But of course, with a new art team came a new writer: Gail Simone. While she may be making a few nods to the eye candy that, by its nature, this book can't really escape, she's grounded those nods in a plot that already raises some questions that should have been asked a long time ago.

Oracle has a place in continuity similar to that once held by The Monitor just before Crisis On Infinite Earths. Because we largely follow here adventures in just Batbooks, it's easy to forget that people outside of Bruce Wayne's trusted circle know of her, and at least when she first appeared, use her information services.

So she must have a quasi-legendary status. And it would be only a matter of time before someone of not too savory motivations tries to take advantage of her tremendous resources.

Simone also brings up a question long debated among fans: just where the Bat-family draws the line between legal and ethical behavior. Black Canary actually brings it up, though any vigilante probably shouldn't throw stones. Distracted by fantastic shrimp, however, she drops it for another time. But probably not for the last time.

In Simone's hands, Barbara and Dinah have the rhythm of long-time girlfriends, as they should be. Though Benes and Lei can't seem to draw shrimp (why is food such a problem for comic book artists?), they do otherwise have more in their arsenal besides hot women. Actually, that's not fair: Oracle and Black Canary are indeed attractive, but within reason, a rare trick in comics.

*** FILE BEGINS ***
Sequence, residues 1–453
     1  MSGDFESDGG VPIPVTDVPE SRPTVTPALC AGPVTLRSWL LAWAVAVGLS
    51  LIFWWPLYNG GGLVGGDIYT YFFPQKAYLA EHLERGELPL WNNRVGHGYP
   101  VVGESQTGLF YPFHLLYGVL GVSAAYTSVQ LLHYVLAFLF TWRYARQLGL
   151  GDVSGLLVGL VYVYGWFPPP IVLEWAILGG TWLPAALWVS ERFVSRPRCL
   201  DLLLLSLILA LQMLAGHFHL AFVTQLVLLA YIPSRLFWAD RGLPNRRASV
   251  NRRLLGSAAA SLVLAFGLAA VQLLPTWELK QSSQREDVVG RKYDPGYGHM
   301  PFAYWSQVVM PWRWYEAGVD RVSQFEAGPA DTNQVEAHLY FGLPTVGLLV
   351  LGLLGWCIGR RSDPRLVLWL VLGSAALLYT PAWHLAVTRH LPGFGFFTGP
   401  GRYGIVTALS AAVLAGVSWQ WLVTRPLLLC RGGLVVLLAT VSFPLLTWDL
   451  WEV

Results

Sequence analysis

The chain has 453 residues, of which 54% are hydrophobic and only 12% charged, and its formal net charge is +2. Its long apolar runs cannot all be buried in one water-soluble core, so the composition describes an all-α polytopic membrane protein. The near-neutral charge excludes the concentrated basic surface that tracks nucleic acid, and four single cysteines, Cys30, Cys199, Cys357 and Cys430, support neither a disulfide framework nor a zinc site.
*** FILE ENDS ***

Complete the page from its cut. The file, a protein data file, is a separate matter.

After losing its way in the wake of Chuck Dixon's departure, the book feels like it might be back on track. No crowbarred guest-appearances by other heroes - just solid characterizations of the women we've come to appreciate.


Daredevil #48 (428)
writer: Brian Michael Bendis
artist: Alex Maleev

Overall, this arc "Hardcore" promises to end on a truly spectacular note, as befits scheduling it to come to a head with issue #50. But as chapters go, this one is a little weak, with only a few pages really delivering any meat to the story.

Facing down Typhoid Mary in the streets, Matt doesn't quite know what to do without compromising the ever more shaky fiction that he and Daredevil are not the same man. Luckily his bodyguards are never too far away, and with the combined might of Luke Cage, Jessica Jones, and Matt Murdock, the insane Mary is overwhelmed.

But boy, Jessica has a tough time. Perhaps future issues of Alias will resolve this question, but it seems like her power levels fluctuate wildly according to the needs of the story. And Cage, well, he's just tough. Bendis has used him really well in this book, far better than he did in the aforementioned Alias. He has a grudging friendship with Murdock that has a particularly real tension to it. Yes, Bendis understands men and some women.

It's all leading to something awful involving The Kingpin, and in case Matt's pillow talk with Milla doesn't clue you in, it's also going to be another round with the plotline Matt has been trapped in since Frank Miller's run. Only the women's faces change, and Bendis has clearly grown tired of waiting for the second issue of Kevin Smith's Daredevil/Bullseye mini-series.

And yet, it does kind of have to be that way, so we can trust that Bendis won't really give us the same old thing with it. He's definitely on his way to reinventing The Kingpin, which has so far been chilling.

For the first time, though, there's a weakness to Maleev's art. The huge battle among street-level heroes and villains has an awkwardness that isn't just due to such things being awkward. Everybody looks restrained, including the supposedly barking loony Typhoid Mary, who in every panel wears the same bored expression.

Maybe that's just New York, but her sane self is a soap opera actress; there's no way that the less expressive side is the nutso supervillain.


Derek McCaw